A call to action
When I took the dog for a walk in the SDC one evening, the place was busy. Other people were out with their pooches. Hikers were heading up the hill into the woods. A threesome of mountain bikers were enjoying a post-ride picnic, complete with barbecue and camp chairs, in front of Oak Lodge.
The SDC may not be a park yet, but it’s being used as one. Planning for the campus may be complicated and time-consuming, but that shouldn’t preclude the open space becoming formal parkland sooner, not later.
This should not be a hard lift. As Murphy noted, a portion of the state’s budget surplus could be used to pay for transfer to state parks, county parks, or a conservancy. We need to write to our state and local officials and make this request for this budget session.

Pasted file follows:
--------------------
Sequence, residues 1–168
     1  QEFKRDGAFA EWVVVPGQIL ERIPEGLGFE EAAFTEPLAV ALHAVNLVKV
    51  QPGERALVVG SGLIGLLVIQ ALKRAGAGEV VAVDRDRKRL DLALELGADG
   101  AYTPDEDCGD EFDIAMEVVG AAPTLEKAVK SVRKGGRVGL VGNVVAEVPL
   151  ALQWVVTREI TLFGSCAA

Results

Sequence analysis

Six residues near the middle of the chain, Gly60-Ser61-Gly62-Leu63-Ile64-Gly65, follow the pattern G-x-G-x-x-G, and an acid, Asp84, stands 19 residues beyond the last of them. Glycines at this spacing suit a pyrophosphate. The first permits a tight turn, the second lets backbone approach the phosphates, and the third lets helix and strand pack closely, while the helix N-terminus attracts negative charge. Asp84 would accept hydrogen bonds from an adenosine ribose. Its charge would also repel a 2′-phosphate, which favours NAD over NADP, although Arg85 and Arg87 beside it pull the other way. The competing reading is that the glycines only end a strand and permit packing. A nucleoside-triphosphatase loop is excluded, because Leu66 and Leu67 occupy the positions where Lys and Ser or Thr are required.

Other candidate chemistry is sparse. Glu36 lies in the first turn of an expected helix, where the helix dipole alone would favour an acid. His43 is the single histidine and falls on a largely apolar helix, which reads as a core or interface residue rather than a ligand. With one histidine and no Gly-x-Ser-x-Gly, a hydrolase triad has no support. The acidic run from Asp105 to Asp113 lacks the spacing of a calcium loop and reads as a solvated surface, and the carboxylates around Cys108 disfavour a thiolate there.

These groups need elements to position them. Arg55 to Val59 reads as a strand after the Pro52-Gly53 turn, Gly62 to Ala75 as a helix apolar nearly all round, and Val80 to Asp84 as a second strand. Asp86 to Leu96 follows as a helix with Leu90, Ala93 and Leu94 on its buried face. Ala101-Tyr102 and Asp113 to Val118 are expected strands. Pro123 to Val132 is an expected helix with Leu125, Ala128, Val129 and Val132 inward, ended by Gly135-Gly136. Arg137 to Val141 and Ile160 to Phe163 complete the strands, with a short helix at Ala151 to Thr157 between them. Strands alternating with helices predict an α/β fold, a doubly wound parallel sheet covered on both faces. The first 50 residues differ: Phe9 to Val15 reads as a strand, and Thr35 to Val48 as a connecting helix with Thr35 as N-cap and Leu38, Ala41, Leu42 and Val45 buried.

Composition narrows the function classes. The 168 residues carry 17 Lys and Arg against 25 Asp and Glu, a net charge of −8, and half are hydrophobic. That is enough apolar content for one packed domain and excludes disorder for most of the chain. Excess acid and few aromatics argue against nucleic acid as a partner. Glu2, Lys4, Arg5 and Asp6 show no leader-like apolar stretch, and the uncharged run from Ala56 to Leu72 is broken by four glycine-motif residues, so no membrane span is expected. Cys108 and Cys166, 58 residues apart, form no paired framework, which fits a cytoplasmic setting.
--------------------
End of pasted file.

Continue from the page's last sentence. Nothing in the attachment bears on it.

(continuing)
The reasons are plentiful, compelling, hotbutton, and easy to cite. Parks bolster local economies. Parks are equitable — everyone has equal rights and equal ownership in public open space. The SDC wildlands are ideal for inclusion in the state’s 30×30 initiative, which aims to mitigate the effects of climate change. The importance of saving wildlife corridors has statewide and national currency. Trail maintenance, signage, patrolling, and educational programs can be implemented to help keep users safe and eliminate liability. Elected officials and bureaucrats earn kudos for keeping a promise. We can even do something novel and important on the land by creating a park that honors not only the natural values of Sonoma Mountain, but also the tribal people who called the place home first and the people with developmentally disabilities who lived and died there over more than a century.